Cherryland Electric Cooperative is a member regulated cooperative and not required to submit rate changes to the MPSC. We became member regulated in 2009. We operate Cherryland with just 55 employees. With a 35,000 meter system, Cherryland leads all 900 cooperatives across the U.S. in the meters per employee category. This is the best example of lean operation and efficiency that I can give you besides the fact that it has been almost 7 years since the last rate increase. Over this period of time, inflation has far exceeded a $3 per month increase.

      There is a public meeting to discuss this rate increase at 5:30 pm on October 12 at Cherryland headquarters. There is another opportunity at 9 am on October 16 at the office as well. After that, I am happy to meet with any group large or small at a location and time of their choosing.

  28. John & Mary Melvin October 5, 2017 at 10:29 am - Reply

    Consider this. We reside at 4175 Euclid Avenue, Interlochen in June , July, and August. The price of our electricity is $335 a year. For nine of these months we are paying to have it come nnected to the home. There is no electricity going into the house because it is shut off at the control panel.Now you are proposing a $3/mo increase which is 20 percent more per month and 10 percent overall, making the low user at a disadvantage and rewarding the higher users as a percentage which is the contra to other utility providers

    • Tony Anderson October 5, 2017 at 10:42 am - Reply

      I don’t believe Cherryland is contra to other providers. The other providers that I know all have an availability charge and an energy charge. There is simply a cost to having electricity available at the flip of a switch. Cherryland has never recovered this cost completely and this $3 per month increase doesn’t get us there.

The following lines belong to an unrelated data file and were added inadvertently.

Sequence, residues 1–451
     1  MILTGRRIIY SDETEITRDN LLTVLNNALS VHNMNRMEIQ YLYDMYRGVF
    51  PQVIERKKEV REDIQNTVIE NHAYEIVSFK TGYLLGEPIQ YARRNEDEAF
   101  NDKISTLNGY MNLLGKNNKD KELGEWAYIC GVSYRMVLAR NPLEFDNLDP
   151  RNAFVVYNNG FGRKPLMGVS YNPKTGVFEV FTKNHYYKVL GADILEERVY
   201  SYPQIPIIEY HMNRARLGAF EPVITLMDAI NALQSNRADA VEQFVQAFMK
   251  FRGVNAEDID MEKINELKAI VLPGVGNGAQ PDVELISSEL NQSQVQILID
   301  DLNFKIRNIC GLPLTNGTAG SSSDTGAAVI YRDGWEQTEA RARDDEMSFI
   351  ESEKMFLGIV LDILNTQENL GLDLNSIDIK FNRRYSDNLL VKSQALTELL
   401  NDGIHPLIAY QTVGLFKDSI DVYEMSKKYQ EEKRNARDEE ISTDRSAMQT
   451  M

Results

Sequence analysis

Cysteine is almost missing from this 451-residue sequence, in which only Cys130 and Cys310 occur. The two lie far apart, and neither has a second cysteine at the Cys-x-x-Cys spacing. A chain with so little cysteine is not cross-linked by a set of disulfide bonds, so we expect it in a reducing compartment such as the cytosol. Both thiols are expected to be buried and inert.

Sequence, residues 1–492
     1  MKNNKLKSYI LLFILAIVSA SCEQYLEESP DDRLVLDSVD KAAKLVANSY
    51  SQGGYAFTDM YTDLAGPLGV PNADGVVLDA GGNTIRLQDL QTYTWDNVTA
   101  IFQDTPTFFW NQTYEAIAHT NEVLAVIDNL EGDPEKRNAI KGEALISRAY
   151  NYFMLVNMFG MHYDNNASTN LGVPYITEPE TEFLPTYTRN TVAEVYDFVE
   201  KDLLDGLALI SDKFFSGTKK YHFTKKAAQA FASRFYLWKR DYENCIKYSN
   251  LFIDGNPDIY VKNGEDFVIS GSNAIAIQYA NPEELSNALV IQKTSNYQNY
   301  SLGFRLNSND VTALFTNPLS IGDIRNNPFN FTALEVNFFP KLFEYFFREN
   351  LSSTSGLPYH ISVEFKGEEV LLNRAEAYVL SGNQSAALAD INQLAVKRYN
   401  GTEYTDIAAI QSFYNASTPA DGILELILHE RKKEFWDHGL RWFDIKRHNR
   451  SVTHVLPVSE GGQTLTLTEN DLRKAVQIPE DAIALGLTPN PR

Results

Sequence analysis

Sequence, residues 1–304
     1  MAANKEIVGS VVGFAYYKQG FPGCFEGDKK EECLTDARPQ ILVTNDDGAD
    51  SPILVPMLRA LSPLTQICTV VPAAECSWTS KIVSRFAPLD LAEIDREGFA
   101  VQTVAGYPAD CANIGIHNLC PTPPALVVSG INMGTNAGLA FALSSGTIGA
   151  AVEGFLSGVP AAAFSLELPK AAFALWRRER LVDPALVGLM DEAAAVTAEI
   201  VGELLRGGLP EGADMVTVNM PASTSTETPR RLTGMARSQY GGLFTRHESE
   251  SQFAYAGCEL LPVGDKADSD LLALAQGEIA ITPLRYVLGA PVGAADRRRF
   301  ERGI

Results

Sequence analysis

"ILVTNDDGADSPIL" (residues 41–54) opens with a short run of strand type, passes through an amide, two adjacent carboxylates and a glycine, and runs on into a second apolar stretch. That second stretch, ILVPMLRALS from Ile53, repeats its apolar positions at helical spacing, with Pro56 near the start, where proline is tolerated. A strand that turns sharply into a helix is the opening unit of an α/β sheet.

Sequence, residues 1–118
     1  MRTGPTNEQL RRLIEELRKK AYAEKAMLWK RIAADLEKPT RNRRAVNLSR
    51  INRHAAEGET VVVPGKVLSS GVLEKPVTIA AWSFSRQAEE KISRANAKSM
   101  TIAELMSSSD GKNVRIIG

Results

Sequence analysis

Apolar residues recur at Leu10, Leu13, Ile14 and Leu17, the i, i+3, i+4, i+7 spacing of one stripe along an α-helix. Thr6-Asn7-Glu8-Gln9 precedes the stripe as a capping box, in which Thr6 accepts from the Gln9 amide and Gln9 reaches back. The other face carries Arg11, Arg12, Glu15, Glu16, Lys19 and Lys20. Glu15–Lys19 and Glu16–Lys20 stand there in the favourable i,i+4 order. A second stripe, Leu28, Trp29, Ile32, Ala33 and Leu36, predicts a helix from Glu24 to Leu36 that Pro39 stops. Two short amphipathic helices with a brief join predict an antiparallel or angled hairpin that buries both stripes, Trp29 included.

Many utilities across the country have a seasonal rate for homes like yours. They often charge an even higher availability charge and energy charge due to the low utilization of electricity by the home. Cherryland chooses to not differentiate between seasonal and year round residential. Cost based rate making simply requires allocating costs properly to the billing components of the respective rate classifications.

  29. VNB October 5, 2017 at 10:32 am - Reply

    Sounds fair. Thank you for the in-depth explanation.

  30. Steve Perdue October 5, 2017 at 11:29 am - Reply

    Knowing you Tony, this is based on good due diligence and in the best interests of all….I appreciate the strategic process you went through.
    Best, Steve

    • Duane Kalember October 5, 2017 at 12:42 pm - Reply

      I guess that means,I as a user only 3 months of the year, I will pay and extra, 27.00 dollars for nothing, than another 3.00 per each monthly bill, while I am using, for a total in crease of 36.00 a year.

      • Tony Anderson October 5, 2017 at 1:01 pm - Reply

        The $27 is not “for nothing”. What you are getting is a distribution system that is ready to serve you when return to the area. If we disconnected your account at the beginning of your stay and reconnected your account at the end, the service charges would far exceed the $27 increase.

  31. Kenneth McCall October 5, 2017 at 1:57 pm - Reply

    We’ve only been in Michigan a month and already a rate increase!!! I know everything has to go up in cost,but what can do?
    we’ve got to have power.

    • Tony Anderson October 5, 2017 at 2:03 pm - Reply

      Call our office at 486-9200 at ask for Energy Use Advisor Tammy Squires. She can walk through your home free of charge and talk to you about energy saving measures.

  32. jerry raymor October 5, 2017 at 4:19 pm - Reply

    This is how inflation starts ……for fixed income persons this if ANOTHER drain on income.
    The forecasted estimate for 2018 SS increase is 2.1% …………your increase is over 20% increase.
    $2 doesn’t sound like much to rich folks ……………I just don’t see how you can justify it.

    • Tony Anderson October 6, 2017 at 6:29 am - Reply

      Cherryland takes on debt to rebuild your distribution system. Cherryland too has cost increases that add up over time. We need to meet our mortgage requirements and cover our expenses. This small increase will help us do that. I regret that it has an adverse affect on some. Our intention is to be as fair as possible to every member.

  33. Arlene Rawls October 5, 2017 at 5:27 pm - Reply

    its always something to justify charging more and more money to people who cannot afford this, I find that your reasons and for that matter combining rates on a page you say is for more clarity, but it’s not. It’s far more confusing looking at a bill that has combined charges on it to be able to separate those charges and make sense of the exact increase one is paying. Unfortunately I cannot attend either of the meetings, for I would surely protest the increase, this company already has one of the highest rates for electricity as it is in the state, so now you are making sure you are the highest? Gee thanks

    • Tony Anderson October 6, 2017 at 6:33 am - Reply